Saturday, June 18, 2022

Another Tale of Two Cities

Earlier this week, a reader alerted me to an article in the Times Union about Poughkeepsie and its affordable housing challenges: "Housing development in Poughkeepsie met with lawsuit, opposition." 

SCLE Architects
Reading the article, one is struck  by the parallels between Poughkeepsie and Hudson, including a Housing Needs Assessment done for Poughkeepsie by Hudson Valley Pattern for Progress, the same group that did Hudson's Strategic Housing Action Plan and its Affordable Housing Development Plan. 

The proposed development that is meeting with opposition in Poughkeepsie is called the Wallace Campus, and it would provide 187 units of affordable housing. The plan that is causing concern in Hudson is the Depot District, which would provide 138 units of affordable housing. 

Here are some more comparisons. According to the article, the Poughkeepsie Housing Authority operates 359 units of subsidized housing. The Hudson Housing Authority operates 135 units of subsidized housing. The article reports that according to Poughkeepsie's Housing Needs Assessment, there are 2,235 units of subsidized affordable housing in that city. In 2019, the Hudson Housing Authority calculated that there were a total of 525 units of subsidized affordable housing in Hudson, but that number did not include the vast inventory of subsidized units that Galvan took over from Columbia County Housing Resources in 2014.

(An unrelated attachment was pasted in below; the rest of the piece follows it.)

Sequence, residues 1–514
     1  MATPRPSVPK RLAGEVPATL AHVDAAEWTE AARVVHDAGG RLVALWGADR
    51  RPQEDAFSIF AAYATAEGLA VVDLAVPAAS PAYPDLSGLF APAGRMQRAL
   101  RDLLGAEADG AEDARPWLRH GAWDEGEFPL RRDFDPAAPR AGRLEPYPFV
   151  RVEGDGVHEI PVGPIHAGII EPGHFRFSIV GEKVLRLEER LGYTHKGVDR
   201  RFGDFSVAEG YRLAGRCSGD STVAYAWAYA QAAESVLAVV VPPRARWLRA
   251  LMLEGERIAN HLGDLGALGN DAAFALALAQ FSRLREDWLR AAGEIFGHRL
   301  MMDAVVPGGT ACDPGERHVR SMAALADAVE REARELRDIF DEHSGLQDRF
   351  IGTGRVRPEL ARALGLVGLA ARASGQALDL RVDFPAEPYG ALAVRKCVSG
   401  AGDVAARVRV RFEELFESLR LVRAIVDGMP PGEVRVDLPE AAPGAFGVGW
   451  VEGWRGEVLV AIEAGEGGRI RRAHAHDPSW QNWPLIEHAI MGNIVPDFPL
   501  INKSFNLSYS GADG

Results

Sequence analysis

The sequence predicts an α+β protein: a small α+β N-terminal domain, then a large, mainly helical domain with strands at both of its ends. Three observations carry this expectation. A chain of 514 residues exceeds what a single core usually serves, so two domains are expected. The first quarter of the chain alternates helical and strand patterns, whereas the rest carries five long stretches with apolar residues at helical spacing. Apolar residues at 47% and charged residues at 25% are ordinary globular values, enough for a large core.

The difference, of course, is that Poughkeepsie is a city with a population of 31,577, according to the 2020 census; Hudson is a city of 5,894. The population of Hudson is less than one fifth of the population of Poughkeepsie, yet the total amount of subsidized housing that currently exists in Hudson is considerably more than one fifth of that found in Poughkeepsie.


  1. I'm sure it is considerably more than any nearby city, Kingston, Newburgh, etc. It's unfortunate, but a lawsuit may be the only recourse to stop these developers. These projects are abusive to the taxpayers who are already carrying too large a large burden.

  2. This mess is a consequence of the 1970's when the local economy collapsed and civic leadership made a bunch of lousy decisions.